Healthcare in Poland



Expatriates relocating to Poland will find an excellent healthcare system that is divided between the private and the public sector. It is highly recommended for everyone in this country to have medical coverage since Polish healthcare can be quite expensive.

As per Article 8 of the Polish Constitution, healthcare is a right to everyone in the country, and the local government is obliged to provide free health services to the elderly, pregnant women, children and people with disability. Healthcare in Poland is delivered through the Narodowy Fundusz Zdrowia (National Health Fund (NHF), a publicly-funded health system that services all Polish nationals and qualified expats. Poland’s state healthcare is heavily funded by compulsory individual contributions and government budget. Expats in this country should keep in mind that it is not possible to opt out of the Polish public healthcare scheme even if they are considered as low-income earner or part of a vulnerable group.

Healthcare Coverage for Expats

It is compulsory for all residents of Poland to have health insurance, citizens or expats. Employers are required to register their expat workers with the health insurance fund as soon as their jobs start. The cost of contributions to the NHF is usually around 8.5% of the gross salary and will be automatically deducted from the employees’ monthly payroll. Dependents such as spouse and children are already covered by the contributions of their expat family member. Those that are self-employed, on the other hand, also need to comply with the mandatory insurance. Their contributions will be based on the amount they earn.

EU citizens may avail of Polish health care services with their European Health Insurance card. Under the system, medical emergencies and treatment are always free. Sometimes, people will be asked to pay upfront, but one should never do so without a proper receipt that specifies exactly what treatment has been received.

Dental treatment is not covered by health insurance, although EU member country citizens who have a European Health Insurance Card may avail of dental emergency treatments for free. The same may also receive free rescue services and ambulance transport during accidents and other emergencies such as injuries and childbirth.

Visiting a Doctor

Poland has a lower number of physicians and medical professionals compared to its neighbouring European countries. However, expats will still be glad to know that despite their small number, doctors in this country are considered highly qualified. A majority of doctors in Poland are concentrated in major towns and cities such as Warsaw. All physicians in this country are also mandated by law to do home visits in case of an emergency situation and if there is no ambulance service available.

Any insured person will need a health insurance record that will be submitted to the medical staff when needing health or emergency care. There is also a need for the individual to sign up with the local health centre while indicating that he or she will be receiving medical treatment mostly from that particular location. When needed, a physician in the local centre will refer patients to better-equipped hospitals. There are, however, specialist treatments which don't need referrals and these include dental, psychiatric and dermatologic treatments, among others. For serious, chronic ailments, no referrals are required as well.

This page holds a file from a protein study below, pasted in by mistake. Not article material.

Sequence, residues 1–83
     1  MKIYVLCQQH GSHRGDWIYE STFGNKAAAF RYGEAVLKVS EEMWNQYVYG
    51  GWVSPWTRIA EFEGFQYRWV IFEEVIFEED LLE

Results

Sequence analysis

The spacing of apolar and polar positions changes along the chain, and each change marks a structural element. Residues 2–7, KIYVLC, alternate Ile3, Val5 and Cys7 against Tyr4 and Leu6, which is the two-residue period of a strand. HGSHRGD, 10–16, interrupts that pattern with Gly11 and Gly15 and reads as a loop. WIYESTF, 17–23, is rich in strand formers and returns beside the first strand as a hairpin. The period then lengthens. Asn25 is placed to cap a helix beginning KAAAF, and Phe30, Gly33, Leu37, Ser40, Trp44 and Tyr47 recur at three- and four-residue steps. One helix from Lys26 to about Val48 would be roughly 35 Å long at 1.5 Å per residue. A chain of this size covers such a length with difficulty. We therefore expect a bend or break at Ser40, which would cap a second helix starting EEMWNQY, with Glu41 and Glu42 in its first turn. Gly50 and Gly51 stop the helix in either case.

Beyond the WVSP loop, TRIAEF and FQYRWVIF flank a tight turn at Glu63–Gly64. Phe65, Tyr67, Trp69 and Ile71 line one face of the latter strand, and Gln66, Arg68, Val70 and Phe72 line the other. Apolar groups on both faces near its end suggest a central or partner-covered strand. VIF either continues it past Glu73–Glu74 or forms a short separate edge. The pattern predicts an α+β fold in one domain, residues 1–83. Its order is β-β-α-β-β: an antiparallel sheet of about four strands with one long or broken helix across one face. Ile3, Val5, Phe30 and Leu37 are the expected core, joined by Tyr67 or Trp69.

Hospitals in Poland

For free health services to be enjoyed, one needs to own a healthcare insurance policy with a National Health Fund -affiliate healthcare provider. Poland’s state hospital system is categorised into different groups based on referral levels: First level referral hospitals offer services in the fields of obstetrics and gynaecology, internal medicine, paediatrics and surgery while the second level referral hospitals specialise in urology, oncology, dermatology, cardiology, neurology. The third level referral hospitals, on the other hand, provide highly focused medical treatment by the country’s top medical specialists. Some of the most prominent medical facilities in Poland are:

Al. Polish children 20, 04-730 Warsaw

Tel: 801 051 000

Copernicus 36 31-501 Krakow

Tel: 12 424 70 00

ul. PodleĊ›na 61, 01-637, Warsaw

Tel: +48 (22) 569 59 00

Medicines and Emergency Services

Medicines prescribed for standard treatments may be obtained from pharmacies for free or at great discounts amounting to at least 30-50% of the cost. Expats need to check out local newspapers or the Internet for a listing of pharmacies by location. Most are open for 24 hours, especially in the major cities.

Expats in a medical emergency are always advised to proceed directly to a hospital where crucial care may be received even without a health insurance. Expenses incurred for making such care possible will have to be paid afterwards, though. If transporting a patient to the hospital is impossible at the time of emergency, the hotline, 112, should be dialled. Expats need not worry about language issues as these emergency numbers are operated by English-speaking attendants.

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